Growing up as a Wizard of Oz fanatic, I had never thought to ask why the Witch ended up with such a bundle of unbecoming characteristics. It is not a bad question. I mean seriously, why did she prefer the company of disfigured primates to that of human beings? What would fuel this green woman to forcefully seek out her sisters red shoes? Did she have a weird fetish? Was it greed? Vengeance? Justice? Stimulated by the possibilities, potential plot lines reeled through my mind: maybe it was childhood abuse, an adolescent accident involving a nuke plant that tainted her skin and attitude, or maybe she kissed too many green frogs looking for her prince. Despite my various versions, nothing I fathomed aligned with the pen of the stories author. As is turns out, this Witch of the West wasn’t wicked at all. She was still emerald in tone, but not jaded towards her existence. Her actions were often attempts to bring life, restore unity and promote love. As a result of her outer shell, the villagers expected the worst and thus spun their interpretations of her behaviors in an unconstructive light. She was misread. So many people are.

Oswald Chambers once said, “The average Christian is the most penetratingly critical individual.” If Chambers is accurate, and from my experience he isn’t far from the truth, one has to ask why. Why are those who are supposed to be laden with love so judgmental? I could be wrong, but I’ve been wondering if the root of judgment is fear. Our “Safety First” mindsets create a desire to rid ourselves of that which is frightening. I can think of few things as unsettling as ambiguity and so we rush to establish categories in which to assign people. “This one is not a threat to me, so he is good. That one makes me uncomfortable, she must be bad.” Once allocated, we can manipulate those around us. For all intensive purposes, it seems easier to control people then to love them. Love always costs us something. Sometimes it is our security.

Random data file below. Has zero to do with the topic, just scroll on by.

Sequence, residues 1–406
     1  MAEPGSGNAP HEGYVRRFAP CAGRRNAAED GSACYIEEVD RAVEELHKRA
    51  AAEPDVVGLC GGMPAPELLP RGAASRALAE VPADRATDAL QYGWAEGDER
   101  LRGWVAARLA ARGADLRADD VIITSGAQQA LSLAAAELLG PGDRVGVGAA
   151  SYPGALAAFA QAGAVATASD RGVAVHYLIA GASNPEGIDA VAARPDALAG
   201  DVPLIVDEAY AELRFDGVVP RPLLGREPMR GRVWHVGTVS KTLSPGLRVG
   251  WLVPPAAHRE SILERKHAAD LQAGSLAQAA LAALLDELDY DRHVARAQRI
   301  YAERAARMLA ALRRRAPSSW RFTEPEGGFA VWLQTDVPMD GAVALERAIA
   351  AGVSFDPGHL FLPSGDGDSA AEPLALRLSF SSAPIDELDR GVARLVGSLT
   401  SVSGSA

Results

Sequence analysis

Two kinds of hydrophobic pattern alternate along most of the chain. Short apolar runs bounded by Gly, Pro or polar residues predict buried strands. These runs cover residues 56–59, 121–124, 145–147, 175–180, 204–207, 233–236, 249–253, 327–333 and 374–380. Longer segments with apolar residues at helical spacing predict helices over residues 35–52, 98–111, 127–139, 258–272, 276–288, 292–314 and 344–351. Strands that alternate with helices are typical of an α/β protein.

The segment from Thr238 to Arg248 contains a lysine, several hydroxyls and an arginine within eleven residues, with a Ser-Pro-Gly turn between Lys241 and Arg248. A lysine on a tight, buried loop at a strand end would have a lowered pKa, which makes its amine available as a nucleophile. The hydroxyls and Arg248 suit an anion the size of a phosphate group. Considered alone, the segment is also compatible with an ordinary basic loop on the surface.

Who scares you? I’d venture to say that there is always one detail more in every person’s story about which we know nothing. Maybe it is in that one fact that we can empathize with their current tics. After all, “I have never met the man I could despair of after discerning what lies in me apart from the grace of God (Chambers).”

Saturday, June 27, 2009


For a little over a decade the Nave clan has been a two-dog family. Our Boarder Collie, Cinder (also known as Fish Stick on account of her fowl breath) was hand picked on a farm seven counties from our own. She was one of ten in that litter and everything about her adoption into our family was intentional. She arrived to a home newly prepared with a kennel, fluffy pillow, and plush toys…as well as owners who had read a manual on how to care for her unique needs. Our Black Lab, Pearl (also known as Puma, Garbage Disposal, Prewash, Bulldozer, Stealth, Biological Tripping Hazard, and Demon) entered our family under very different circumstances. She was spotted on a bitter cold January day, standing disoriented in the center of a busy intersection. With thoughts of rescuing the puppy only from her current peril, she was whisked into The Loser Cruiser (our mini-van). Not looking to extend our family, multiple attempts were made to find another arrangement…each of which failed miserably. For better or worse, this disoriented mess was ours and she found herself to be a Nave at an extremely chaotic juncture in our lives. We weren’t ready for her and as a result of the abuse she was subjected to by her previous owners, she wasn’t ready for us. A mere few days after her capture, Garrett was scheduled for surgery. Like most surgeries of this nature, the recovery process was grueling. Pearl found safety next to him as she sensed that he had no power to inflict harm on her in his stupor. As providence would have it, these two spent the next week and a half healing together.